IBM updates its mainframe processor to help AI

IBM's Telum processor will have on-chip acceleration for artificial intelligence inferencing.

ibm z15 mainframe

IBM has introduced a new CPU for its Z Series mainframe that’s designed for transactions like banking, training, insurance, customer interactions, and fraud detection.

The Telum processor was unveiled at the annual Hot Chips conference and has been in development for three years to provide high-volume, real-time inferencing needed for artificial intelligence.

The Telum design is very different from its System z15 predecessor. It features 8 CPU cores, on-chip workload accelerators, and 32MB of what IBM calls Level 2 semi-private cache. The L2 cache is called semi-private because it is used to build a shared virtual 256MB L3 connection between the cores on the chip. This is a 1.5x growth in cache size over the z15.

The CPU comes in a module design that includes two closely coupled Telum processors, so you get 16 cores per socket running at 5Ghz. IBM Z systems pack their processors in what are known as drawers, with four sockets per drawer. The Telum processor will be manufactured by Samsung using a 7nm process, as compared to the 14nm process used for the z15 processor.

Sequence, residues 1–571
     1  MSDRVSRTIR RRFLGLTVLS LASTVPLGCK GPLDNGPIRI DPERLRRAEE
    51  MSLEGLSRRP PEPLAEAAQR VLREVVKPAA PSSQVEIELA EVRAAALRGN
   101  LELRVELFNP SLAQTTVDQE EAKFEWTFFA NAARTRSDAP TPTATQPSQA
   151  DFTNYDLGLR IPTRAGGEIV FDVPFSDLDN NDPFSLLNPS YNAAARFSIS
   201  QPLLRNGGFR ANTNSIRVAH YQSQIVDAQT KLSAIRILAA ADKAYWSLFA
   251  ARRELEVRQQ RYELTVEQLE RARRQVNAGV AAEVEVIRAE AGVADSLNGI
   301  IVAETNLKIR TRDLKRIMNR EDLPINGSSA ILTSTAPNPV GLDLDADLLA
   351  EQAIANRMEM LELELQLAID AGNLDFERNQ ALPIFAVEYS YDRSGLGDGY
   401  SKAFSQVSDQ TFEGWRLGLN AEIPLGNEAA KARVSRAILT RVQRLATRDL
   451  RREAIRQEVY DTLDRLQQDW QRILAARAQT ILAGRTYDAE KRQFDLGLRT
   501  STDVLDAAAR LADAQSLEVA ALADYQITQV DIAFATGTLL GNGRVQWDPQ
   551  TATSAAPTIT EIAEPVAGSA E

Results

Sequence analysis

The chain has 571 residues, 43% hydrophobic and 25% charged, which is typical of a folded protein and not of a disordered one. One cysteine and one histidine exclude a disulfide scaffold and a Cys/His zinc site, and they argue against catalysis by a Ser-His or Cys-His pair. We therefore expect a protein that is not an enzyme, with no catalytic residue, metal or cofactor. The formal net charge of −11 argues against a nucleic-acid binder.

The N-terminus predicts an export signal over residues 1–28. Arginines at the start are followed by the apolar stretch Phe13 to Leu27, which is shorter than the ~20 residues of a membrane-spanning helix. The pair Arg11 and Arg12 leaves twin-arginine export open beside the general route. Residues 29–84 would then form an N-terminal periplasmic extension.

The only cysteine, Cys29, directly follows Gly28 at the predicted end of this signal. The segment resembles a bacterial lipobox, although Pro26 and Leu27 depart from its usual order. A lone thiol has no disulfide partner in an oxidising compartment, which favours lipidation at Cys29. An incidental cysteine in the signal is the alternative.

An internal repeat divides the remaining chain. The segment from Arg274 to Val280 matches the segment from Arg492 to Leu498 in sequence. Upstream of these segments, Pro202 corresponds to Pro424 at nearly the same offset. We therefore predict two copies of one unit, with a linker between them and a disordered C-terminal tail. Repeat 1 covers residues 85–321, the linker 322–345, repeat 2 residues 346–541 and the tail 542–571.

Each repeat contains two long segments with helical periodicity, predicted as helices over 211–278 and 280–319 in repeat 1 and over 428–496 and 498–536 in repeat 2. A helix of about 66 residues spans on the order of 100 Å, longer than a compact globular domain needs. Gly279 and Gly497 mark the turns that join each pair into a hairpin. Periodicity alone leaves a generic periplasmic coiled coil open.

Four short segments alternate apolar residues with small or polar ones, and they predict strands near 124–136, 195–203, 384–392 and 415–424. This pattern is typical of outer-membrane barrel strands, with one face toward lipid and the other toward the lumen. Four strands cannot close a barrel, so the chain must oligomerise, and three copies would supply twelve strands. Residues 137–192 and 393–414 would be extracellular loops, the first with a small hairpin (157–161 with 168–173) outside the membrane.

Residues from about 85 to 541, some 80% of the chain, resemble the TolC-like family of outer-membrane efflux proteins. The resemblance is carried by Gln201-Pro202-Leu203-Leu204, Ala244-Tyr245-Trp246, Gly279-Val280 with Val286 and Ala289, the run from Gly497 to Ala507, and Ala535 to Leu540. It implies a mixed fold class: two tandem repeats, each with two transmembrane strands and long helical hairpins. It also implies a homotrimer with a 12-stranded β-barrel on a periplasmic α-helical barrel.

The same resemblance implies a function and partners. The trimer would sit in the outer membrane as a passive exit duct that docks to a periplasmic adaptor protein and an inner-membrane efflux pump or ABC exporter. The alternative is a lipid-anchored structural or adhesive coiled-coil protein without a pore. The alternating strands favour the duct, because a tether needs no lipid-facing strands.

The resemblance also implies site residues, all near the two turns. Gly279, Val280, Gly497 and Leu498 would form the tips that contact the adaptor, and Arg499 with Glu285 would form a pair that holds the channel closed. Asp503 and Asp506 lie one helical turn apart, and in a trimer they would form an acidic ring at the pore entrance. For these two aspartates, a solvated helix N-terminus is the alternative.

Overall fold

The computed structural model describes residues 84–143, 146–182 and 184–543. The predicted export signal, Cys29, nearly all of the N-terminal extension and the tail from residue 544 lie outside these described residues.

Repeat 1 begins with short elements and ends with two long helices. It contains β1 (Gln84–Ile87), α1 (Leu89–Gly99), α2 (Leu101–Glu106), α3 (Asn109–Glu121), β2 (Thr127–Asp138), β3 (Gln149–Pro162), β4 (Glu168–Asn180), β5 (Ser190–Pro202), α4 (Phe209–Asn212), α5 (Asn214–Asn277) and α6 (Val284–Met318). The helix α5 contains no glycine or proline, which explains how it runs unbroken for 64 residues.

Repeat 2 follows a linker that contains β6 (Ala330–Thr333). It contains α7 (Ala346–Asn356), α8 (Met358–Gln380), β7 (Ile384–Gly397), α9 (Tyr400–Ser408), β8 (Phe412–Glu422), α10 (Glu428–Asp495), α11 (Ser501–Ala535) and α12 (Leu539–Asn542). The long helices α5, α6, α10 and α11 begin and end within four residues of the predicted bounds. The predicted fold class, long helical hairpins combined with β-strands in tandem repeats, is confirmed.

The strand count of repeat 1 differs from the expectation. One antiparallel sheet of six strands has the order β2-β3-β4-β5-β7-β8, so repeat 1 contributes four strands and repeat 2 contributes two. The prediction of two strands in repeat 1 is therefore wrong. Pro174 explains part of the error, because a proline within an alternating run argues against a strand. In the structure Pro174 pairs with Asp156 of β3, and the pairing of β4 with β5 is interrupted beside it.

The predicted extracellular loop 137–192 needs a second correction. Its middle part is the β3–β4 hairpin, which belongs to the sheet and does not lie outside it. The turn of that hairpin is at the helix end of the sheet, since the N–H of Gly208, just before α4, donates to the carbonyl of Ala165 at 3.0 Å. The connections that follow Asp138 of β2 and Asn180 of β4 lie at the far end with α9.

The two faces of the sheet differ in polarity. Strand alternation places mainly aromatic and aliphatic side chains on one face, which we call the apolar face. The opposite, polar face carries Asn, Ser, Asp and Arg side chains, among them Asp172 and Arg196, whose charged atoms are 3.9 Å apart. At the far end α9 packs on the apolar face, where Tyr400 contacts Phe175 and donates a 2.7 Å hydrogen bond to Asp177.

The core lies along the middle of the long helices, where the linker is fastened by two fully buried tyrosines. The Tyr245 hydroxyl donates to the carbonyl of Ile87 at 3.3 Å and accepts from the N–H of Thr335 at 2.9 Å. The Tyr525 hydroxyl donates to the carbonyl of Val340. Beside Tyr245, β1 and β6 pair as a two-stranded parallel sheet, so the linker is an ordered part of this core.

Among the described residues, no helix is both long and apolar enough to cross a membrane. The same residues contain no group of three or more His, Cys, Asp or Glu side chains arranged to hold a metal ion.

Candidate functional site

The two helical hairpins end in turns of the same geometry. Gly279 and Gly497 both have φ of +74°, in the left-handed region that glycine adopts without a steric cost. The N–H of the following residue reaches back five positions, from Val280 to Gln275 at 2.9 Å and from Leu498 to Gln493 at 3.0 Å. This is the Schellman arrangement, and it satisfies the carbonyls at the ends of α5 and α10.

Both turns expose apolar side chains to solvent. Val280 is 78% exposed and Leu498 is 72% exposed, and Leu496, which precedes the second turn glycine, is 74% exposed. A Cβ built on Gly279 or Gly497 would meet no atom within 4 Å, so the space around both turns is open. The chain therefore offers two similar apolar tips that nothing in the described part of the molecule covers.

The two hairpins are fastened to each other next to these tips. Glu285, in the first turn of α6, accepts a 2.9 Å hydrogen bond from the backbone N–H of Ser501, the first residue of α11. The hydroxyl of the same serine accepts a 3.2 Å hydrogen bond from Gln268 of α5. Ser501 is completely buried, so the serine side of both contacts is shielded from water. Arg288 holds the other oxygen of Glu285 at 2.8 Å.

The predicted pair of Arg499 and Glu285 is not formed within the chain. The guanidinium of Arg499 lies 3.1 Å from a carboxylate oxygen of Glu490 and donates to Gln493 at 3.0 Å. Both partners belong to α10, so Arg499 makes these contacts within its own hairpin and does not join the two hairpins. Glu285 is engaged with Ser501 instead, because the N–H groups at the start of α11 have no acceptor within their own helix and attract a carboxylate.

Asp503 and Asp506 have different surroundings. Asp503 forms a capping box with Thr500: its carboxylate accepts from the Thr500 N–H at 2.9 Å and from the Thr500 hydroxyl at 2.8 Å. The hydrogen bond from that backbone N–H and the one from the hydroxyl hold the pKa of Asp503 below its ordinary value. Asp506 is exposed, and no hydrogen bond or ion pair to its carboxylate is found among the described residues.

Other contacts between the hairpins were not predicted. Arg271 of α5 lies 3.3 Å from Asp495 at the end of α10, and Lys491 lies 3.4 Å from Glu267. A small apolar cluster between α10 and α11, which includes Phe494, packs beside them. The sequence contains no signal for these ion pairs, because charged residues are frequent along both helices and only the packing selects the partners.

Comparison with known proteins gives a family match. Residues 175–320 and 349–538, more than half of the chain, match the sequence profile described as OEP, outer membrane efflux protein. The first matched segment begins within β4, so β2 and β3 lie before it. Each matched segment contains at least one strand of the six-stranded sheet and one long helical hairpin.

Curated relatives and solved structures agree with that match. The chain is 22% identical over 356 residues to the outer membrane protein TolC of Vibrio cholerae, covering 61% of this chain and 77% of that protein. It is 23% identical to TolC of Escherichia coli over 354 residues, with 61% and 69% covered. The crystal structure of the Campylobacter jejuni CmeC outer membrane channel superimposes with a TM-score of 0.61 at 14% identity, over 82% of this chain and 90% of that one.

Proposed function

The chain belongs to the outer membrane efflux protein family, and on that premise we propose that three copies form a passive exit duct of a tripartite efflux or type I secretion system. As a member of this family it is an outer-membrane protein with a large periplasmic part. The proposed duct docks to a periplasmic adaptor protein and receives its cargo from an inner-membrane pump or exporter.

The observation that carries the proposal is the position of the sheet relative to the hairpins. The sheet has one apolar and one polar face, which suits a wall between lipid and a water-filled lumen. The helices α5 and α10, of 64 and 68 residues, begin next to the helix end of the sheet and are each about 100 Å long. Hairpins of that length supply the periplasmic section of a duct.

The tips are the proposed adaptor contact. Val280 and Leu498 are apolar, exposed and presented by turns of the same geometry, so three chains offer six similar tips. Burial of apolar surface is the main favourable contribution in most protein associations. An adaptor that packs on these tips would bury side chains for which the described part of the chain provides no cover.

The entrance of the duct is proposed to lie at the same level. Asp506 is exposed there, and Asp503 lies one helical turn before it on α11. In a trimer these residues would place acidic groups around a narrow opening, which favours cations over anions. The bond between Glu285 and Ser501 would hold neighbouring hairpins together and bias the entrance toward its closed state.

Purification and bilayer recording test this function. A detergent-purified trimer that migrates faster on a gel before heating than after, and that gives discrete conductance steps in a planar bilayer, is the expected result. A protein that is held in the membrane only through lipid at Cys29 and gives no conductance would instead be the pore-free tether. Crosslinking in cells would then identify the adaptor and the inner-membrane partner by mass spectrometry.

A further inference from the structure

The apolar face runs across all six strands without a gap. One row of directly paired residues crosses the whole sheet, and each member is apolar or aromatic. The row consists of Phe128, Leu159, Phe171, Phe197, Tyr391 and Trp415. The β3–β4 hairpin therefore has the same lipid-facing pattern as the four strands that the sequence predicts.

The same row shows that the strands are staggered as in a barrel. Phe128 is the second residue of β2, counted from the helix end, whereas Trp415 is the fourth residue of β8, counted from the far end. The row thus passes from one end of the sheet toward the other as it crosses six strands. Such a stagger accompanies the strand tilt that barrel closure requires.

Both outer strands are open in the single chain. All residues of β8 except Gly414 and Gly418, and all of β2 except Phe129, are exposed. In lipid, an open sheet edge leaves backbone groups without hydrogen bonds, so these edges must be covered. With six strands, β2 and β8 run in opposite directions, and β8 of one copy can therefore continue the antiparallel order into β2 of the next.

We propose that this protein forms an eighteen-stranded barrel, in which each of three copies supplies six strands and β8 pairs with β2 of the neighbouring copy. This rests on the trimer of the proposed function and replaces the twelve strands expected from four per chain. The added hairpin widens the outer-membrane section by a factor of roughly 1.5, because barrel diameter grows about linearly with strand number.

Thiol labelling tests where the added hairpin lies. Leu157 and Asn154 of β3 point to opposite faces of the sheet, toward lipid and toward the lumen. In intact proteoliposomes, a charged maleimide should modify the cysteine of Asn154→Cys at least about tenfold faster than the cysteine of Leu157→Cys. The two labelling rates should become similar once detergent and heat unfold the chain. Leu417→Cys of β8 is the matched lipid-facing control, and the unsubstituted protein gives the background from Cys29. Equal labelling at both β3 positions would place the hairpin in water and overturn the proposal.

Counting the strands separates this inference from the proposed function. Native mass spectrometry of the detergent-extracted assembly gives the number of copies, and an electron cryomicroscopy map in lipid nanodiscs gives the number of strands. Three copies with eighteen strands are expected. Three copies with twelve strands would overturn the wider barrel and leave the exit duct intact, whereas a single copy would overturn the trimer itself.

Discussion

Stopping Fraud

IBM mainframes are still heavily used in online transaction processing (OLTP) and one of the problems that bedevils OLTP is that fraud usually isn’t caught until after it is committed.

Doing real-time analysis on millions of transactions is just not doable, particularly when fraud analysis and detection is conducted far away from mission-critical transactions and data, IBM says. AI could help, but AI workloads have much larger computational requirements than operating workloads.

“Due to latency requirements, complex fraud detection often cannot be completed in real-time—meaning a bad actor could have already successfully purchased goods with a stolen credit card before the retailer is aware fraud has taken place,” the company said in a blog post announcing Telum.

So the new chip is designed for real-time, AI-specific financial workloads. Just how it will work is not exactly known. Telum-based z16 mainframes are not expected until the second half of 2022.


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